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I was speaking at a conference just two weeks ago and was followed by an eloquent, engaging former CMO from a major brand who made the bold statement, “Earnings talk and bull**** walks.”
She said it to underscore a specific point, but I find that old trope all too pervasive in most every marketing and business discussion. I get that you can’t grow a business on hugs and high fives. And I’m keenly aware that the hardest thing to do is to get a customer to reach for their wallet and pull out their credit card (or “submit their purchase order,” for our B2B friends). However, this all-encompassing focus on transactional growth has caused most brands and their respective managers to breeze past a simple fact: For most consumers, it’s no longer about money. Time has replaced money as the key determinant in the overall relationship between consumers and brands. Follow me here…
At T3 we focus on building Useful Brands™. These are the brands that earn a place in the customer’s daily life through effort, delivery and proven knowledge of what they need beyond products and services. Being a Useful Brand isn’t just lip service; it’s rooted in economic history and theory.
Microeconomics, for example, offers us the “utility maximization problem.” Simply put, the utility maximization problem is the problem consumers face when they decide how to spend their money in order to maximize their utility. Economists call this a type of “optimal decision” problem which essentially means that, when all things are equal, a person will choose an outcome that offers the most utility.
What most brands miss is how time has replaced money in this equation. Consumers are asked to spend their time exponentially more than their money. As a result, consumers have begun to think of their time as a precious resource that should be guarded, respected, and applied intelligently.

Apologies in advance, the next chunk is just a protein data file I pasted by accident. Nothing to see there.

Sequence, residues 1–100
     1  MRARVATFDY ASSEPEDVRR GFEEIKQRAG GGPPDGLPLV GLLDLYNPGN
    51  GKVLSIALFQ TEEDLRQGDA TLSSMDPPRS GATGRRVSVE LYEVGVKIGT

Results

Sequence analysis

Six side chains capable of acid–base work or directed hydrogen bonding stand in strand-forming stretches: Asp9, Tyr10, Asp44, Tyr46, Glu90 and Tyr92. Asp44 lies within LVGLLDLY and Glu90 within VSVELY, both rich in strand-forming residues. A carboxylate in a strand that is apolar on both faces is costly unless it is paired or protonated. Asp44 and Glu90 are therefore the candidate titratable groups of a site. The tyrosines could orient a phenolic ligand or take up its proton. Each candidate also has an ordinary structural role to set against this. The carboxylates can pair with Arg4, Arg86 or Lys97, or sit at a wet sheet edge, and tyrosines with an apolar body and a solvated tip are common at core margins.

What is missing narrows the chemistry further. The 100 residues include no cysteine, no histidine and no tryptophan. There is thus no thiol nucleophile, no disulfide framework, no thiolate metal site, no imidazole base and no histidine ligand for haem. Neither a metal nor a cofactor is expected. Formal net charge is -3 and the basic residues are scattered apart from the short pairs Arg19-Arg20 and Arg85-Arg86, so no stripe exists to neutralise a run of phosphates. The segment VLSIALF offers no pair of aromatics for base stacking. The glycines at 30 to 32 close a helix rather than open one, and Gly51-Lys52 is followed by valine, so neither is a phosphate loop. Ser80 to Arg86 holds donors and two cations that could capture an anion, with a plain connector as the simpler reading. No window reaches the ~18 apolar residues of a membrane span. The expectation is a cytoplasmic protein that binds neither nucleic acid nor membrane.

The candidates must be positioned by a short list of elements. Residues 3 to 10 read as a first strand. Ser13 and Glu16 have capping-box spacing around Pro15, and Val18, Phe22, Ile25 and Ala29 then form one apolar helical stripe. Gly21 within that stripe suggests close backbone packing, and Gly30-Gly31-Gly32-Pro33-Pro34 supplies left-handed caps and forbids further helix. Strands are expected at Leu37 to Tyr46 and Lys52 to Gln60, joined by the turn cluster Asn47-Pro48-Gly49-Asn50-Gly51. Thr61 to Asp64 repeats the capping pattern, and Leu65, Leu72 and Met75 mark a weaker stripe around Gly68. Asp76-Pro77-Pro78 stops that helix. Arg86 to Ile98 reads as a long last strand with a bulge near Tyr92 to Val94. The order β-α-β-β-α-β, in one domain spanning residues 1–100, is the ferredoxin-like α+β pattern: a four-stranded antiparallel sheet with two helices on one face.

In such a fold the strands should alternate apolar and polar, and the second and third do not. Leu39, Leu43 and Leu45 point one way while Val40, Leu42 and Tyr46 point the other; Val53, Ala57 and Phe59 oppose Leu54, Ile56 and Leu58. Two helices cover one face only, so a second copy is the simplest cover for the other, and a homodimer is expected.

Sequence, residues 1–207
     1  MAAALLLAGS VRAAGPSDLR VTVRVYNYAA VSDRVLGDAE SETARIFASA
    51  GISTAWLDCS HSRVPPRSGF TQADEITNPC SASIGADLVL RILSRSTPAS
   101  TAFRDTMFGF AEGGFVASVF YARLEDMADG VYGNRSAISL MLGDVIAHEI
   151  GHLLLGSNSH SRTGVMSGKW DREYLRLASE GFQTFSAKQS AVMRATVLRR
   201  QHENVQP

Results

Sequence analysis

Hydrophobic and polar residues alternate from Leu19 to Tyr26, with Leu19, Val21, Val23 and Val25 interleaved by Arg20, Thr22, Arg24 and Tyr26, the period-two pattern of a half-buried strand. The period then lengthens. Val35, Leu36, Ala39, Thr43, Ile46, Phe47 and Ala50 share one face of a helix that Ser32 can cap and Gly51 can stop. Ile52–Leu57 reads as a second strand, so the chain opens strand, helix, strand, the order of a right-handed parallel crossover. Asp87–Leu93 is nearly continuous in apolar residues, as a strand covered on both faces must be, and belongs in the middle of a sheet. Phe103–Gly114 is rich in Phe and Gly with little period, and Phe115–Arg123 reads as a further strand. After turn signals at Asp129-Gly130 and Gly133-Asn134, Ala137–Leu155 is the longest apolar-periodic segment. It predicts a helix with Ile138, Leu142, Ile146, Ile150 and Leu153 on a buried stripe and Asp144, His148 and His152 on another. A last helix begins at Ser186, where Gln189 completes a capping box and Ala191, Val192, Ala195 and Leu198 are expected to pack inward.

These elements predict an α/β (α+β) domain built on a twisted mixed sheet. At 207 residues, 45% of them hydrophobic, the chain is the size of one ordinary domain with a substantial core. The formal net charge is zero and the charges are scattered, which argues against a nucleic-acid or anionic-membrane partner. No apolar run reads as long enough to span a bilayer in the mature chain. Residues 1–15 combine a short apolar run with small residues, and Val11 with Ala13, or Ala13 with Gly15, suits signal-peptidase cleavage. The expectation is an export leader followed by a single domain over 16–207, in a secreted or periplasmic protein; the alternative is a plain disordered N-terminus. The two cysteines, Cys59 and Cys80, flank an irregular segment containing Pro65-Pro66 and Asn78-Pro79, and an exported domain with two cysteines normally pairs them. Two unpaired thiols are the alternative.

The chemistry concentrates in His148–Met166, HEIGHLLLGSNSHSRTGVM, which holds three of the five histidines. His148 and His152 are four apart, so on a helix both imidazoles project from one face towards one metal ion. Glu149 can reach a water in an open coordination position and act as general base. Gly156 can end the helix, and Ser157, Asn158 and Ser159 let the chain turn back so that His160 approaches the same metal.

At T3, we’ve found through our research that most brands send signals that consumers pick up on to quickly gauge whether or not the brand is likely to waste their time. Poor or inefficient online platforms, impersonal social or site content, and unresponsive mobile sites are just a handful of potential signals consumers look out for to determine if you are likely to waste their time.
We’ve created a three-part rule all brands should follow to satisfy a consumer’s initial take on how useful they are.
Respect: Do you or will you respect my time? This will be sized up in context to the specific relationship, whether it be retail, healthcare (sitting rooms and long needless lines are an example) or travel and hospitality.
Enhance: Once a brand has clearly demonstrated it can execute at a base interactional level, it will be called upon to overdeliver in the time equation. This can be driven by experiences such as personalized rewards, insightful and share-worthy social content, or even reversals of what would normally be negative experiences.
Case in point: I recently switched to Spectrum from AT&T and was having technical difficulties the first week. Based on past experience, I felt a sense of dread thinking about waiting on a long hold to schedule a time for someone to come out. I felt a rush of elation when I found out I was able to resolve all of it in five minutes on their technical chat support.
Reward: As brands migrate along the time continuum proving the ability to deliver in the first two phases, the brand will ultimately earn the ability to make time rewarding. This can come in the form of moments of surprise and delight, CRM innovation, or even just a good old fashioned loyalty and rewards system.
It’s important to understand that most brands fail in their ability to see these need-states as a sequence. Brands that can’t first prove they are able to respect a consumer’s time will not be given credit when they attempt to enhance or reward a consumer’s time. Executing along the time-based customer value chain is the key to success in modern brand relationships.
James Lanyon is the director of strategy and innovation at T3.